Azul competes with small operator Brava Lihas Aéreas on Porto Alegre to Passo Fundo and has no competition on service between Salvador and Paulo Afonso, according to OAG data. Those routes demonstrate that untapped markets within Brazil’s domestic space remain; however Azul needs to get its internal house in order to ensure it can expand profitability. It cannot rely on a market share grab as a viable business strategy for the long term.
Presently, Azul has roughly a 17% share of system-wide seat deployment in Brazil and a nearly 21% share of domestic seats (includes TRIP), according to CAPA and OAG data. Its growth has been impressive, but now that Azul is close to reaching its six year anniversary, it needs to display some financial traction. Based on public documents, the carrier lost USD82 million during 2012.
Brazil capacity by carrier (% of seats): 6-Jan-2014 to 12-Jan-2014
Brazil domestic capacity share by carrier (% of seats): 6-Jan-2014 to 12-Jan-2014
Azul expects a revenue hit from capping World Cup fares
In early Jan-2014 Wall Street Journal reported that Azul would cap ticket prices at USD420 per segment for the World Cup soccer tournament held in Brazil beginning in Jun-2014. Along with outlining the BRL20 million (USD8.4 million) revenue loss Azul will endure as a result of capping fares, Mr Neelemen also remarked that Azul expects corporate demand to fall during the tournament.
The Journal reported that as a result of weak business sales Azul would cancel roughly 20% of its 900 daily flights between 12-Jun-2014 and 13-Jul-2014. It has asked regulators for permission to bolster service between the 12 World Cup host cities (see map). But even if it gains approval, its revenue hit from the World Cup will likely be higher than the estimates provided given the decline in higher-yielding corporate traffic.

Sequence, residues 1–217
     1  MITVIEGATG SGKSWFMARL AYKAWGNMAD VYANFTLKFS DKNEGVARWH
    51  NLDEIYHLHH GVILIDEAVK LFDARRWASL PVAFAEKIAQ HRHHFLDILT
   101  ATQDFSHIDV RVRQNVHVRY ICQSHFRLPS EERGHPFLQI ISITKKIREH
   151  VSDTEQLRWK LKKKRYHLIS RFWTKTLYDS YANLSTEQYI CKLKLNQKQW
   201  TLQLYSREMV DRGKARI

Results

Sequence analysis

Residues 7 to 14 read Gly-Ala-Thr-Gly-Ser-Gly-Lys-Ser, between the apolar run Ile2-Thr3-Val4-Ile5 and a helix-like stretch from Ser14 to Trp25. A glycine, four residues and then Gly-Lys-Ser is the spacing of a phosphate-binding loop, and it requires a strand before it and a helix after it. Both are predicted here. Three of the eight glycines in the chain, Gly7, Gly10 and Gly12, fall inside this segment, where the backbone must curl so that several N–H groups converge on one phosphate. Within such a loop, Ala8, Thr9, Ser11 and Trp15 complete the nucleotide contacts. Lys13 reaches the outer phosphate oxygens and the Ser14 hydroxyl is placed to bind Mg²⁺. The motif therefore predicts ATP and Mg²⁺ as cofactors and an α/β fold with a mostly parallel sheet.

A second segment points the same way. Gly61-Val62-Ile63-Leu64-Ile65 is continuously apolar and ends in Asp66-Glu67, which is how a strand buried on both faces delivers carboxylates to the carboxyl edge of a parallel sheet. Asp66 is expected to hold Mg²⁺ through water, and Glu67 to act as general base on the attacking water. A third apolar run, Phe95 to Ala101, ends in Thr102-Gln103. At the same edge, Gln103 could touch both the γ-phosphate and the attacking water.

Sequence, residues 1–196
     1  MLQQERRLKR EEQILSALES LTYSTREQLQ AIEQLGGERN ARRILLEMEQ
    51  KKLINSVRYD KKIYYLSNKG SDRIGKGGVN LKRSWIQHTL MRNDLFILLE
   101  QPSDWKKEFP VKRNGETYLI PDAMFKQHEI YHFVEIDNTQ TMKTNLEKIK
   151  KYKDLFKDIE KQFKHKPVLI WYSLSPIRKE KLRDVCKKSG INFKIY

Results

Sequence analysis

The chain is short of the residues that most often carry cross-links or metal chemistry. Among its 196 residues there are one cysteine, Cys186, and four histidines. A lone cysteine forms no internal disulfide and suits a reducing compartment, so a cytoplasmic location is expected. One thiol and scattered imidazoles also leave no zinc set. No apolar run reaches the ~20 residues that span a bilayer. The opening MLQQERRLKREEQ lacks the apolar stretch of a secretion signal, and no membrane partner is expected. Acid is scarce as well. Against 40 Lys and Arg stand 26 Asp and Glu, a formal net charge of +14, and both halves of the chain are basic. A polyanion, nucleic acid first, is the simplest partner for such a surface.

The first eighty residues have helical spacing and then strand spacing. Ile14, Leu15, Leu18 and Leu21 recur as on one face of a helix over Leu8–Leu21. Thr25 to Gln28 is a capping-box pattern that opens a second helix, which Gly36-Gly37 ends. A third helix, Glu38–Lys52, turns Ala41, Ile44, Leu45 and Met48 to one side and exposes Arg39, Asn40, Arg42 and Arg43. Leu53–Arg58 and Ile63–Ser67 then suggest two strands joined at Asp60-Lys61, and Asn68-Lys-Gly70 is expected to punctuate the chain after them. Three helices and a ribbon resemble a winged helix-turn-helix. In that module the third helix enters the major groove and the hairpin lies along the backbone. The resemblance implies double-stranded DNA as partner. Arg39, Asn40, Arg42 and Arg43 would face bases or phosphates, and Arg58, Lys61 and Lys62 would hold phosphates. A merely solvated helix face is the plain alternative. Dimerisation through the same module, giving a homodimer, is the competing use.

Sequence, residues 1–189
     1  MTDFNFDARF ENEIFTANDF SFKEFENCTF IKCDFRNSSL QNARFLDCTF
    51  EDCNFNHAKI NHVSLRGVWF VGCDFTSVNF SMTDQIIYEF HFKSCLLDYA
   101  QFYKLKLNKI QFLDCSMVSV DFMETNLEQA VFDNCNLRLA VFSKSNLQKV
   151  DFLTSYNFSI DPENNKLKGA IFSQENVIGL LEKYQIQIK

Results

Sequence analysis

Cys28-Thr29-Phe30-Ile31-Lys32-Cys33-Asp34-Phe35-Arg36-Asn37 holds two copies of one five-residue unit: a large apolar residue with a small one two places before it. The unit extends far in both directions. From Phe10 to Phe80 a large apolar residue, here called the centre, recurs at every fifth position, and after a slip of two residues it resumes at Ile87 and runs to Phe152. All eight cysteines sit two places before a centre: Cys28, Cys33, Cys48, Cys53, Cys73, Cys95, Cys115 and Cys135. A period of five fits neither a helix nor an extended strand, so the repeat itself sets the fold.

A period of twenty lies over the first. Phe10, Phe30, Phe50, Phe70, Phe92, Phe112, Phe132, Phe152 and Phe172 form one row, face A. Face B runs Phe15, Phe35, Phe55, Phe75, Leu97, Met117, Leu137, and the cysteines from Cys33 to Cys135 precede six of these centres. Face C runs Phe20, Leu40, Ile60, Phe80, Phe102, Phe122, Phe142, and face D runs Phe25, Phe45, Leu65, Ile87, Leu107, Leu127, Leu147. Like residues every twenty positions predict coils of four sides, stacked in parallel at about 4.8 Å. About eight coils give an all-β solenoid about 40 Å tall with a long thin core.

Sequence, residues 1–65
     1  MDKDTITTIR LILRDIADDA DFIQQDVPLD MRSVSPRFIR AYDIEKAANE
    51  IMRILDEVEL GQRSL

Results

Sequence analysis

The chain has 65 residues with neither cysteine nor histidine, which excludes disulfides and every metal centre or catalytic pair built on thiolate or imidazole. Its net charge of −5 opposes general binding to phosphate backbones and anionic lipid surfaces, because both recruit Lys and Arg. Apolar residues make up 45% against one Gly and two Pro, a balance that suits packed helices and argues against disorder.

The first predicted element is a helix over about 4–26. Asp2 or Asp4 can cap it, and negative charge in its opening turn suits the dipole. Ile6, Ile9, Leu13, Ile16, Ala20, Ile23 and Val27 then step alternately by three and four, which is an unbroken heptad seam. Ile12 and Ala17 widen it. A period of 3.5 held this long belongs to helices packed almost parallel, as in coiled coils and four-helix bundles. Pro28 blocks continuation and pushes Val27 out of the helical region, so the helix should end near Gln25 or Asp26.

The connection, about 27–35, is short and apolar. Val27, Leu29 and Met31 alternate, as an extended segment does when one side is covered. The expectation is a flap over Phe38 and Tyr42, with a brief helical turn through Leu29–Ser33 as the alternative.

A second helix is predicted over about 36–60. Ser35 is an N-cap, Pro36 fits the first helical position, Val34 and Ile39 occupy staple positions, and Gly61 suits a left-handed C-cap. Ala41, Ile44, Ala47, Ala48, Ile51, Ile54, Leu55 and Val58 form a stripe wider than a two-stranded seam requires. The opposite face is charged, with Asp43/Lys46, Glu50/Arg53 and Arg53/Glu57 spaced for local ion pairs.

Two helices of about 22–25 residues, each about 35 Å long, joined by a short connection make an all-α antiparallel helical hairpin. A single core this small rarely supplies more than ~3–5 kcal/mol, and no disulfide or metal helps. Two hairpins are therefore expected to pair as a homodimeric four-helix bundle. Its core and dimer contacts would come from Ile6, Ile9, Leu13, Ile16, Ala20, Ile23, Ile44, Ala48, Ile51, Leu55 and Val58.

2014 World Cup host cities
Conditions remain murky as Azul contemplates an IPO in 2014
Azul management has talked about reviving its quest for an initial public offering in 2014 after announcing an IPO in May-2013. It shelved plans shortly after, citing unfavourable market conditions. Given the financial hit it outlined from the World Cup, and the continuing uncertainty in the Brazilian economy, it may be just as tough for Azul to attract investors in 2014.
Azul has filed an application with Brazilian authorities to register as a public company in the country. Regulators rejected a previous application by the carrier after raising concerns that its capital structure would value preferred shares at 75 times higher than ordinary shares. Azul does not necessarily have to list on Brazilian exchanges, but it seems its preference is to conduct offerings in Brazil and the United States.
Brazil’s GDP growth is projected at 4% during 2014 after growing around 2% in 2013. The improvement is encouraging, but a cloud of uncertainty hovers over the ability of Brazil’s economy to rebound, not to mention the mounting questions over its readiness for the World Cup.
When it declared its intention to issue public shares in May-2013, Azul noted part of the proceeds would be dedicated to paying off a USD58 million loan carrying a 10% interest rate due in Jun-2014. The loan represented nearly 42% of the USD139 million in cash and equivalents Azul had on hand as of 31-Mar-2013. If Azul opts not to access the public markets for financing, it will need to find other means to fund its expansion and meet its financial obligations.
See related report: Azul’s IPO is at a challenging time for economic and traffic growth in Brazil – but offers potential
Azul’s business model remains sound even as short-term challenges remain
Despite the immediate challenges that Brazil’s economy has created for the country’s domestic airlines, eventually demand will slowly start to rebound. With its fleet of Embraer 175s/190s/195s and ATR turboprops Azul seems poised to capitalise on migration of middle class travellers from bus to air transport, particularly in underserved markets.
But in the near term the carrier needs to remedy any lingering problems from its merger with TRIP, and ensure it generates the necessary revenue to gain a solid financial footing in order to attract investors willing to stick with the carrier over the long term.